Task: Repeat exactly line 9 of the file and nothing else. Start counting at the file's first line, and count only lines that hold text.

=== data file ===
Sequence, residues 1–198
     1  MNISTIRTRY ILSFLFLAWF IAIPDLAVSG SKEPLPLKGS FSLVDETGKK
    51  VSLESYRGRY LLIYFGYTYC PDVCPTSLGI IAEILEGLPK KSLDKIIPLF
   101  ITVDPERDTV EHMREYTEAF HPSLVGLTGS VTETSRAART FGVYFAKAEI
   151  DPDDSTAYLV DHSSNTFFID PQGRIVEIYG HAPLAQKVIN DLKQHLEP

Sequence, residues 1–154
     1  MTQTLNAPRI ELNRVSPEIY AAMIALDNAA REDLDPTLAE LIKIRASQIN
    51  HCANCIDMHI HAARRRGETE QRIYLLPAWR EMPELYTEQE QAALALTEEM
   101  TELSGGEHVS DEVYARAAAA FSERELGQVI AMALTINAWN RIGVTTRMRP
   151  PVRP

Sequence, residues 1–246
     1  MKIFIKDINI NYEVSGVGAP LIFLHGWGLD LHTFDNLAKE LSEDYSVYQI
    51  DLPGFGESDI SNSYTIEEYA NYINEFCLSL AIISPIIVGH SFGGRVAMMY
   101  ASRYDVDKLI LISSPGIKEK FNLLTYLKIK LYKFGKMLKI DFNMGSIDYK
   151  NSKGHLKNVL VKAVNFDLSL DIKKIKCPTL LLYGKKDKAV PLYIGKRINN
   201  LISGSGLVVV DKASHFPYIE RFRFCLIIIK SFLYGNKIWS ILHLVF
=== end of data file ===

   101  TELSGGEHVS DEVYARAAAA FSERELGQVI AMALTINAWN RIGVTTRMRP